THE JAM – Their Masterpiece Album ‘ALL MOD CONS’ Came Out 40 Years Ago…

Going back in sonic history looking for memorable albums…

2 November 2018


Album: ALL MOD CONS – their third longplayer

Released: 3 November 1978 – 40 years ago

ALL MUSIC review: “The Jam regrouped and refocused for ‘All Mod Cons’, an album that marked a great leap in songwriting maturity and sense of purpose. For the first time, Paul Weller built, rather than fell back, upon his influences, carving a distinct voice all his own.
He employed a story-style narrative with invented characters and vivid British imagery à la
Ray Davies to make incisive social commentary, all in a musically irresistible package. The youthful perspective and impassioned delivery on ‘All Mod Cons’ first earned Weller the “voice
of a generation” tag, and it certainly captures a moment in time, but really, the feelings and sentiments expressed on the album just as easily speak to any future generation of young people. Terms like “classic” are often bandied about, but in the case of All Mod Cons, it is certainly deserved.” – Score: 5/5

TURN UP THE VOLUME! says: Without a shadow of a doubt the best ever
The Jam album. First class pop/rock songwriting.

Top Tracks: To Be Someone (Didn’t We Have a Nice Time) / Mr. Clean / David Watts /
Billy Hunt / ‘A’ Bomb in Wardour Street / Down in the Tube Station at Midnight

Here on BBC TV with Tube Station

ALBUM in full…

THE JAM: Facebook – All Albums

10 Fabulous Longplayers Turning 40 in 2018!…

1978: An effervescent year to dive into!
Here’s my selection – 10 superb ones!

1/ ‘All Mod Cons’ by THE JAM
NME wrote: “Not only several light years ahead of anything they’ve done before but also the album that’s going to catapult ‘The Jam’ right into the front rank of international rock and roll.”
Released: 3 November 1978 – their outstanding 3rd LP
Listen here

2/ ‘Darkness On The Edge Of Town’ by BRUCE SPRINGSTEEN
Rolling Stone wrote: “It poses once more the question that rock & roll’s epiphanic moments always raise: Do you believe in magic? And once again, the answer is yes. Absolutely.”
Released: 2 June 1978 – passionate 4th longplayer
Listen here

3/ ‘This Year’s Model’ by ELVIS COSTELLO
All Music wrote: “The songs on This Year’s Model are typically catchy and help the vicious sentiments sink into your skin, but the most remarkable thing about the album is the sound. Costello and the Attractions never rocked this hard, or this vengefully, ever again.
Released: 17 March 1978 – sparkling second LP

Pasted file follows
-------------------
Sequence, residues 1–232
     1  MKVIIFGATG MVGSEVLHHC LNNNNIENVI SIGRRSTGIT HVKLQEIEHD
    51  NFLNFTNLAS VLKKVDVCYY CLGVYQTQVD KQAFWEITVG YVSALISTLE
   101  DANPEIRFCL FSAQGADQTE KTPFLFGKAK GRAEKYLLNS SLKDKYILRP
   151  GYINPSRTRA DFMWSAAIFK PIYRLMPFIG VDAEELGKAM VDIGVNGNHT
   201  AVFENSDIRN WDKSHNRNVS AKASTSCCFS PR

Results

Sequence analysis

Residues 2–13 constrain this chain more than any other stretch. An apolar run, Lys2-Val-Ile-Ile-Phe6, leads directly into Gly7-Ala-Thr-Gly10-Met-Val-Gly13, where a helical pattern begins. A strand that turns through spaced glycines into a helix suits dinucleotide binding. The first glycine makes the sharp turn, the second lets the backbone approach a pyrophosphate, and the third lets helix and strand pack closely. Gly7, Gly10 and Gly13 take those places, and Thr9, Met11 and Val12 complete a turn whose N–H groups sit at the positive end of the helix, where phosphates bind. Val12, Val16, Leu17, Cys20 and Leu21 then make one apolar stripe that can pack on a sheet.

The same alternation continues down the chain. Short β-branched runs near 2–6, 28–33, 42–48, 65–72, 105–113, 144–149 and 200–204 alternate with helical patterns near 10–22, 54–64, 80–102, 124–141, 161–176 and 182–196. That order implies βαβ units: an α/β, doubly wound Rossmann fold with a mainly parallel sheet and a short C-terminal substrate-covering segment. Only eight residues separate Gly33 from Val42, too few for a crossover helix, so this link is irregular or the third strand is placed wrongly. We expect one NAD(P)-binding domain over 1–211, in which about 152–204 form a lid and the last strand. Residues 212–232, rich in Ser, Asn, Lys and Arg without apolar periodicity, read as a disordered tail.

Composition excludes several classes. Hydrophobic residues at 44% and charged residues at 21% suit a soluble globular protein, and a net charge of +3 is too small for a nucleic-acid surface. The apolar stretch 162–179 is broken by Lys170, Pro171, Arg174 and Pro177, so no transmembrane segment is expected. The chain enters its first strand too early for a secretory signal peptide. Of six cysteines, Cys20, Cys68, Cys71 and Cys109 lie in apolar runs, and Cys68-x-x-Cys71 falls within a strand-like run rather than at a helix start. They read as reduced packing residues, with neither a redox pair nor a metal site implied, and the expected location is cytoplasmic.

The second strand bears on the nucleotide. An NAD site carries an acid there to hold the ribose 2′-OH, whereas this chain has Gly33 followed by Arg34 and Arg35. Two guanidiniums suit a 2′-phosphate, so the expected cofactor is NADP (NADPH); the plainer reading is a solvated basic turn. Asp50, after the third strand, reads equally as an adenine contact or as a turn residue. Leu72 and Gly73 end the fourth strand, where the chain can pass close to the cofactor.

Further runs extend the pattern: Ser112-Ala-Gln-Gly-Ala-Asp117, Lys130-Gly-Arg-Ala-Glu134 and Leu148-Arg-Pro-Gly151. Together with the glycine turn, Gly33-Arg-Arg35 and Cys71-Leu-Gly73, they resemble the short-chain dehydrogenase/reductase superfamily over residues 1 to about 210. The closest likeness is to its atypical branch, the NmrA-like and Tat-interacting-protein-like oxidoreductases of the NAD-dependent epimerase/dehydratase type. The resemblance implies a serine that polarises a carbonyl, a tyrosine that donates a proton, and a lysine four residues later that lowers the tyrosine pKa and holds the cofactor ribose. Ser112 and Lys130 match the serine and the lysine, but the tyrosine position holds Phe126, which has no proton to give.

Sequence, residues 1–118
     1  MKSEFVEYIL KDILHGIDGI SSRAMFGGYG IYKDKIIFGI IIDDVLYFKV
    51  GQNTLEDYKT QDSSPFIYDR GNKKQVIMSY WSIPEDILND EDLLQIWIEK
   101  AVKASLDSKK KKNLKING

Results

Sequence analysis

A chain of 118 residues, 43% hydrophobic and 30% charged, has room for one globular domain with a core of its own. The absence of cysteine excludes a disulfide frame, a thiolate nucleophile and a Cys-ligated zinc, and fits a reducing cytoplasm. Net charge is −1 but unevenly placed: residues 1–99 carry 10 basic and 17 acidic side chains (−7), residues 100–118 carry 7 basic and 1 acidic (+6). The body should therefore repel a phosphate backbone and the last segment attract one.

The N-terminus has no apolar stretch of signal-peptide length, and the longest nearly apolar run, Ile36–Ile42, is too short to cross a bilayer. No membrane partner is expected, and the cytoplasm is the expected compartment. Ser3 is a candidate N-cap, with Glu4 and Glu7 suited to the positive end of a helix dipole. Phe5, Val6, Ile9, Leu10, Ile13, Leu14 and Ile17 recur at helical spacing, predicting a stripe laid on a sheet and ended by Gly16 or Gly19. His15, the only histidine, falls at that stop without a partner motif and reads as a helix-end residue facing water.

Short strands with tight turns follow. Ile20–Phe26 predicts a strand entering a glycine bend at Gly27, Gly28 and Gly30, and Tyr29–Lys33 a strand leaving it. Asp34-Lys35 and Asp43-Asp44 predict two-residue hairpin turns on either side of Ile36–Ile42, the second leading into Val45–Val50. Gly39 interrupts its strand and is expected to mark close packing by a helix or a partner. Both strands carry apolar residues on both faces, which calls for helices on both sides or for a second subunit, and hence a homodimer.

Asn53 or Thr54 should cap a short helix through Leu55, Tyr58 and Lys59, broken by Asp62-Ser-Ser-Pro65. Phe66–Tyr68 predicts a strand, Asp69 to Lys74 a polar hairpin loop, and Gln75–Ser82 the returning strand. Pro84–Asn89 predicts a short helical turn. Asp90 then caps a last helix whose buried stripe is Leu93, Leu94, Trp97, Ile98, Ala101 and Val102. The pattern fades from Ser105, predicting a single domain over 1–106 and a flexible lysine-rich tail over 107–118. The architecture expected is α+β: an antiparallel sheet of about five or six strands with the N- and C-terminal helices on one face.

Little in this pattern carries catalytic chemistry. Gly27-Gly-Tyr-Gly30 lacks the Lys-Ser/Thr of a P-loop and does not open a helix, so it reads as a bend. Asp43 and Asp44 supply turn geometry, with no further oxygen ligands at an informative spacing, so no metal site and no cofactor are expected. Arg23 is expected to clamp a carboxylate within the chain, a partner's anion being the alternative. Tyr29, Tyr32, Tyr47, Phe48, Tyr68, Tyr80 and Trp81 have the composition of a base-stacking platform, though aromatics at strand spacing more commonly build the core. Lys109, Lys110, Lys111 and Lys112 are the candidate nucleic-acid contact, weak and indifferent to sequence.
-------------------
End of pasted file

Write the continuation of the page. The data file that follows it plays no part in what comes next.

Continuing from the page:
Listen here

4/ ‘Another Music in a Different Kitchen’ by THE BUZZCOCKS
All Music wrote: “The big secret is Shelley’s worship of Krautrock’s obsessive focus on
repetition and rhythm, which transforms what would be “simply” basic punk songs into
at-times monstrous epics.”

Released: 10 March 1978 – their thunderous debut LP
Listen here

5/ ‘The Modern Dance’ by PERE UBU
All Music wrote: “The Modern Dance is the signature sound of the avant-garage:
art rock, punk rock, and garage rock mixing together joyously and fearlessly.”

Released: January 1978 – fascinating debut album
Listen here

6/ ‘Real Life’ by MAGAZINE
Melody Maker wrote: “No one that has the slightest interest in the present
and future of rock ‘n’ roll should rest until they’ve heard Real Life”

Released: June 1978 – their gloomy debut LP
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7/ ‘More Songs About Buildings And Food’ by TALKING HEADS
Rolling Stone wrote: “The eclecticism of ‘More Songs about Buildings and Food’, its witty distillations of disco and reggae rhythms, its reconciliation of ‘art’ and punk rock is masterful, The music represents a triumph over diversity.”
Released: 7 July 1978 – their funky second album
Listen here

8/ ‘Germ Free Adolescents’ by X-RAY SPEX
All Music wrote: “Poly Styrene’s frantic claustrophobia permeates the record. It’s full of kick-out-the-jams rockers, with a few up-tempo thrashers and surprisingly atmospheric pieces with
a raw, wailing saxophone.”

Released: 10 November 1978 – smashing debut
Listen here

Melody Maker wrote: “Strong, abrasive, visceral and constantly inventive,
with a thrust that makes the spaces equal partners to the notes

Released: 13 November 1978 – black pitch debut longplayer
Listen here

10/ ‘Q: Are We Not Men? A: We Are Devo!’ by DEVO
Rolling Stone wrote: “It’s a brittle, small masterpiece of Seventies pop irony, but its shriveling, ice-cold absurdism might not define the Seventies as much as jump the gun on the Eighties.”
Released: 28 August 1978 – mental debut LP
Listen here